16th June 2012

Control the surfaces

Hours: 8.6 | Posted in Endgame, Wing & Tail Joins

Spent much of the day at the airport, and was able to knock a number of things off the list, some of them pretty big.  With today’s progress, the end of the project seems attainable.

Most of the day spent working on flight controls.  First thing to be done was deal with the ailerons, specifically the pushrods.  The holes in the rear spar needed to be opened up more to prevent the pushrods from rubbing there, so I carefully enlarged them with files, Dremel and scotchbrite.  After several refits of each side, I had it looking decent, and spot-primed the holes and pushrods where the primer had been scratched.  While I had the ailerons detached, I also riveted the aileron stops to the hinge brackets.

Once the ailerons were installed and secure, I re-checked the rigging that was done during wing building: the length of the bellcrank-to-aileron pushrods.  I bolted the jig in place on the bellcrank, and verified that the ailerons were centered on the chord line (marked by tooling holes in the rib).  They were, so I moved to the next step — setting the final length of the bellcrank-to-stick pushrods.  To do this, I jigged the left bellcrank, and adjusted the pushrod until the stick was vertical.  Then, moved the jig to the right bellcrank and adjusted that pushrod, watching for the left aileron to return to it’s jigged position.  Once that looked good, I double-checked both sides again by moving the jig from side to side and measuring.  When all was tweaked and ready, I tightened down the jam nuts on the pushrod to lock it in place.  Then, torqued the bellcrank bolts.  Verified that there was “twizzle” (available range of motion in the rod end bearings) in all pushrods at all extremes of travel; we don’t want any of the rod ends to be at the end of their range,which causes a twisting force to be imparted to the pushrod.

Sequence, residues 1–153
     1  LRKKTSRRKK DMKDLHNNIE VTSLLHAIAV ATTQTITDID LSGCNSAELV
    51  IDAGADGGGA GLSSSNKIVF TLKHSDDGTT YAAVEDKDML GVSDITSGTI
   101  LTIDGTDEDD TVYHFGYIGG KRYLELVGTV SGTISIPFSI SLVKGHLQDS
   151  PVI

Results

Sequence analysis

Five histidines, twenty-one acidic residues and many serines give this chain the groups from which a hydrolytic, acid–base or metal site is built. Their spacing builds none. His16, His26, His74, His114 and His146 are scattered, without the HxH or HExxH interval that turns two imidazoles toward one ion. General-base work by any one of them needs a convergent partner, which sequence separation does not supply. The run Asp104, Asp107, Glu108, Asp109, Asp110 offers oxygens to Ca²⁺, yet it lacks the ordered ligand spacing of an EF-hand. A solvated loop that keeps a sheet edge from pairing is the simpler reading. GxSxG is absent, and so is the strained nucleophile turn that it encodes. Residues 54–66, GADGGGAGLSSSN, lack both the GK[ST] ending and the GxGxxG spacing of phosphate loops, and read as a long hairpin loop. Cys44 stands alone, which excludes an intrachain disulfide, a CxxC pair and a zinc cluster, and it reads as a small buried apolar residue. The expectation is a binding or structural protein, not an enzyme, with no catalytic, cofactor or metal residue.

Ailerons done, flaps were next…during installation, I found that a thin strip of aluminum needed to be trimmed from the “ears” at the outboard aft edges of the belly skin, so they did not rub against the flap hinges.  Pinned the flaps in place and checked/adjusted the pushrod lengths, then tightened jam nuts and installed to the flap actuator.

I will say that I’m quite happy with the way the control surfaces came out…the ailerons and flaps line up nearly perfectly at the split.  Some people have not been so lucky.  (Karma being what it is, this means I will have a bear of a time getting the wingtips to fit correctly…)

With all the controls surfaces now installed and rigged, I measured the angular throw on each, and compared it to the design throw in the manual.  As the table shows, we’re within spec on most things, and the ones that are out are out by only tenths of a degree:

Surface Direction Design Min Design Max Actual
Elevator UP 25 30 29.5
DN 20 25 21.7
Elev. Trim Tab UP 25 22.7
DN 35 24.3
Aileron Left UP 25 32 30.9
DN 15 17 17.4
Aileron Right UP 25 32 31.2
DN 15 17 17.2
Flaps DN 32 37 31.9
Rudder LEFT 30 35 ~34
RIGHT 30 35 ~34

Lastly for today, spent awhile wrestling with the wing root connectors, to secure them so they don’t flop around during turbulence or maneuvers — both to prevent distress to the wires, and to prevent annoying “clunk” noises in flight.  Because the geometry is a little different from side to side (due to my routing of the pitot line), I ended up with different solutions on opposite sides.  Both make use of zipties and ziptie bases, and both required alternating between working in the narrow gap between the fuselage and wing with forceps and magic fingers (using the side of the fuselage as a mirror), and shoving my entire arm into the wing through the inboard inspection hole (ow…).  I did emerge victorious, if slightly bruised.  I like the CPC connectors, but if I were to do it again, I would not use them here.  I didn’t realize just how narrow that gap is, and it’s not possible to extract the connector for service or to add pins, etc.  I should have used D-subs, a bundle of Molexes, or some other rectangular connector that would fit through the gap (the ones used on the VP system may work).  If these connectors ever needs service, it’s likely that I will need to cut them free from the entire bundle and replace them with another type of connector.  (Thankfully, I left a service loop on both sides, so that would be possible.)

Two major projects remain: wingtips, and the nosegear.  (Plus gear fairings, of course, which will be delayed until after flight.)  If I could find a spring scale to buy in town, I think the nosegear would be easy to knock out in a day.  After those, it’s just a laundry list of little things to get ready for flight.

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